Crisil expects RBI to initiate repo rate cuts from mid-2024

New Delhi: The Reserve Bank of India (RBI) maintained the status quo in the repo rate for the seventh time this month. The rating agency Crisil now expects the rate cut cycle to begin from mid-2024.

The repo rate is the rate of interest at which the RBI lends to other banks.

Along anticipated lines, RBI kept the policy repo rate unchanged at 6.50 per cent, the seventh time in a row.

“We expect the RBI to initiate rate cuts in mid-2024,” Crisil said in a report, with a rider that weather and crude prices are key monitorables.

“Food, the pain point for inflation last year, could ease if monsoon turns normal this year, as early weather forecasts suggest,” it asserted.

Given the uneven inflation trends, the monetary policy committee of the RBI is awaiting clearer signs of easing towards the 4 per cent inflation target. “Strong domestic growth momentum has provided it space to do so.”

Retail inflation in India is in RBI’s two-six per cent comfort level but is above the ideal 4 per cent scenario. In March, it was 4.85 per cent. Inflation has been a concern for many countries, including advanced economies, but India has largely managed to steer its inflation trajectory quite well.

Barring the latest pauses, the RBI raised the repo rate by 250 basis points cumulatively to 6.5 per cent since May 2022 in the fight against inflation.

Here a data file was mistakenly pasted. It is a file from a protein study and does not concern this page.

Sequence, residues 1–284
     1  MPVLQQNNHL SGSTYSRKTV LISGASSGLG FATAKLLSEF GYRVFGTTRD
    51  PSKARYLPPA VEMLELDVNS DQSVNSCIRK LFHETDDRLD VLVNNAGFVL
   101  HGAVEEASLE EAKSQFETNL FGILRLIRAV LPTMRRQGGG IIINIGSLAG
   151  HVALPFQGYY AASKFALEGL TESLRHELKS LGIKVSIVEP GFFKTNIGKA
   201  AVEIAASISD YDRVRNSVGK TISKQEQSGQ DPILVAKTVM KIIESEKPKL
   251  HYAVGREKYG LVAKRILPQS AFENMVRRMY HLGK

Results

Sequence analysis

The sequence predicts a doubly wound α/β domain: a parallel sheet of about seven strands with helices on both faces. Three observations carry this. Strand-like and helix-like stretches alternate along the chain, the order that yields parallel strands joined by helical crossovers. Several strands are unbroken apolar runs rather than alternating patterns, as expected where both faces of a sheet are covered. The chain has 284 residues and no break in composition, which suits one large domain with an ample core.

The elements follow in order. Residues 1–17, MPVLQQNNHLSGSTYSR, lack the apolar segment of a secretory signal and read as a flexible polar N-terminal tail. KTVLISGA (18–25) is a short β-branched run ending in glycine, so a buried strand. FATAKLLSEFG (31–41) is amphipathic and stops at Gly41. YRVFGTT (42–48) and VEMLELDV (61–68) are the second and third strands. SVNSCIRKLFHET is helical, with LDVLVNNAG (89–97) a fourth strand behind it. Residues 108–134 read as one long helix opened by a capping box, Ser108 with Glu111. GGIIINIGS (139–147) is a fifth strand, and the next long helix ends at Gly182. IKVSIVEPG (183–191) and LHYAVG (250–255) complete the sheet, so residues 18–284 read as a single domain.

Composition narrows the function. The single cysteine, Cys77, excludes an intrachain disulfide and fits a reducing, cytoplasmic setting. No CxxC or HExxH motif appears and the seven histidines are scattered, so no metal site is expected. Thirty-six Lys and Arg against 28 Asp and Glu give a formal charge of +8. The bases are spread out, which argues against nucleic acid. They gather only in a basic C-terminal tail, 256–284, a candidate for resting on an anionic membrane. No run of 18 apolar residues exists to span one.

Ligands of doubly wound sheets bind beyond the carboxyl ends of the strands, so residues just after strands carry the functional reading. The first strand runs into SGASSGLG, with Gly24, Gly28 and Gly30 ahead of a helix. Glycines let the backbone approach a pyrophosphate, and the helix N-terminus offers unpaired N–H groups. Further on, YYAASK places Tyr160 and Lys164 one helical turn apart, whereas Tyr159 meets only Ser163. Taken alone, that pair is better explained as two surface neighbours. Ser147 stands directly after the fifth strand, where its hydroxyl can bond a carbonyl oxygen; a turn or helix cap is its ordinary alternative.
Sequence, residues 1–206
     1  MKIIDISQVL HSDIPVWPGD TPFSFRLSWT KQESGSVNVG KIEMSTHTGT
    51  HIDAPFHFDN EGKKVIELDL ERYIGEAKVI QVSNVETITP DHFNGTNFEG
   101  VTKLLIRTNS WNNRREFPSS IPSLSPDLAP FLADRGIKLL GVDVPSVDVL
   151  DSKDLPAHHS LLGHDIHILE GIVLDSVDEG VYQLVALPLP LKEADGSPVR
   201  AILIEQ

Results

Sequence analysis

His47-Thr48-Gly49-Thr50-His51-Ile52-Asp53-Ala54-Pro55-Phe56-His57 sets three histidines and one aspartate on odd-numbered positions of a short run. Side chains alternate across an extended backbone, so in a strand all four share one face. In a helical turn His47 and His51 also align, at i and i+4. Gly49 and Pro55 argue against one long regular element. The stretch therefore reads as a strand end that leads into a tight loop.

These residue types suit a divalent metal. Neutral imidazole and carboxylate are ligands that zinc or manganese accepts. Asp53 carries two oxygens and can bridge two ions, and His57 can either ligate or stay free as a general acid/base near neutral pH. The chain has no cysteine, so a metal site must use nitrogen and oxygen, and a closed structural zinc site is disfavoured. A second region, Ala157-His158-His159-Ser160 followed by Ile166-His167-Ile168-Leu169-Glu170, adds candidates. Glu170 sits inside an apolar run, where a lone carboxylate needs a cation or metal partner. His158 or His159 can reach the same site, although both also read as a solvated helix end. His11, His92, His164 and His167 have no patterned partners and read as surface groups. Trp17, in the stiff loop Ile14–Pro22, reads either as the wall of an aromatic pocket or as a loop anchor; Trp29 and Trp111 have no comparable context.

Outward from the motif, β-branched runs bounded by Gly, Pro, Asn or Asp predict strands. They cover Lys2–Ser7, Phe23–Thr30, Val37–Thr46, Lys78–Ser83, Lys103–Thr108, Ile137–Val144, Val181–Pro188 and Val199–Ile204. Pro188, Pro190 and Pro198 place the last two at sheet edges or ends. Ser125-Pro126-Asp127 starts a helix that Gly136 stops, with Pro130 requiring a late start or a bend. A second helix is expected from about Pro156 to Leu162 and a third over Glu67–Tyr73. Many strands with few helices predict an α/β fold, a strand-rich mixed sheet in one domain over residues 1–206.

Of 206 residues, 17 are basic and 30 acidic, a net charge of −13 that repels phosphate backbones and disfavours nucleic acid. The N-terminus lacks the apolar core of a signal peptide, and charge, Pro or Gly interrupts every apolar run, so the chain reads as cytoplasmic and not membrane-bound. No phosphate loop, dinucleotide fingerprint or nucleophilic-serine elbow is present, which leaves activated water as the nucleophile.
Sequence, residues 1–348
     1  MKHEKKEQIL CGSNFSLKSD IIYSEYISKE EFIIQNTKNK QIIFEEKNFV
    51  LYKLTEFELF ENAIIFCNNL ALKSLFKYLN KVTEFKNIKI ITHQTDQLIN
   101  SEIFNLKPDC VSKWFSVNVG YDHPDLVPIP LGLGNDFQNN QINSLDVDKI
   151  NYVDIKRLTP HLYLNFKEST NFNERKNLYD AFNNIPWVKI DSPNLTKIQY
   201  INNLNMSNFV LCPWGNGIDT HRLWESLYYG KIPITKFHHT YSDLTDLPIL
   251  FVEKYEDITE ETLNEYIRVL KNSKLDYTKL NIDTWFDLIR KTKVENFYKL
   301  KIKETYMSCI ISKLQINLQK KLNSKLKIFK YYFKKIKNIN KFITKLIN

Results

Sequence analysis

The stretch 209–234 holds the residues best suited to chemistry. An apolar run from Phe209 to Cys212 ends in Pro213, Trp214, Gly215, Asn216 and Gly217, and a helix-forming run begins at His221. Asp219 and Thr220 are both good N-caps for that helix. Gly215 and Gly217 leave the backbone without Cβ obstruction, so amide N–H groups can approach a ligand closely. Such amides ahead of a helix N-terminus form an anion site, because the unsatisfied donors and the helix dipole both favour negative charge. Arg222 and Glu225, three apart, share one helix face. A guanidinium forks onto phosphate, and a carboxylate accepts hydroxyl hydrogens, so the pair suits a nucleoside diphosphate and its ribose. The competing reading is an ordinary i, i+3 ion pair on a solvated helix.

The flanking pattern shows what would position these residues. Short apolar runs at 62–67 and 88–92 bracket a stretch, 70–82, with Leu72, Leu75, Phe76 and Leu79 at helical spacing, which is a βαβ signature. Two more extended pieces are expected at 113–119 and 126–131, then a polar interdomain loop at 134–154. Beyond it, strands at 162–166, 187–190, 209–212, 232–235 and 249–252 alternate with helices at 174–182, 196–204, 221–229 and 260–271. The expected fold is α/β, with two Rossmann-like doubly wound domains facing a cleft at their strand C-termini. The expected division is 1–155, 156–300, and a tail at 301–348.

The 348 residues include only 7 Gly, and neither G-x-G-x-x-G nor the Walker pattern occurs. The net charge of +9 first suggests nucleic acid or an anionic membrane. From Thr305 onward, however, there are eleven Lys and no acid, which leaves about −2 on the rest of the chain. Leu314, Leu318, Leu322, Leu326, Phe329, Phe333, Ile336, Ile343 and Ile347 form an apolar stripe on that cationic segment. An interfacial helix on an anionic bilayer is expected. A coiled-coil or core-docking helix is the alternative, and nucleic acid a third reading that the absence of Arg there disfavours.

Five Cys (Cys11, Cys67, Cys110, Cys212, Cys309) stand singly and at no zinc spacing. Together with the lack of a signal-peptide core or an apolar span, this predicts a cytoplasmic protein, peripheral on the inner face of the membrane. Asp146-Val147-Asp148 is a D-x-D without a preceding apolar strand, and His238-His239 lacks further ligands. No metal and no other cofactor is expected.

Raising interest rates is a monetary policy instrument that typically helps suppress demand in the economy, thereby helping the inflation rate decline.

On inflation, Crisil expects consumer price index (CPI)-linked inflation to soften to 4.5 per cent in the current financial year 2024-25 from an estimated 5.5 per cent previous year.

“Normal monsoon and healthier farm output should help moderate inflation this fiscal. A non-inflationary budget that focusses on asset-creation rather than direct cash support bodes well for core inflation.”

Meanwhile, RBI retained its inflation projection for 2024-25 at 4.5 per cent with Q1 at 4.9 per cent, Q2 at 3.8 per cent, Q3 at 4.6 per cent, and Q4 at 4.5 per cent. However, it noted that the outlook for inflation will largely be shaped by food price uncertainties (indications of a normal monsoon on one side while increasing incidence of climate shocks on other side).

(With inputs from ANI)


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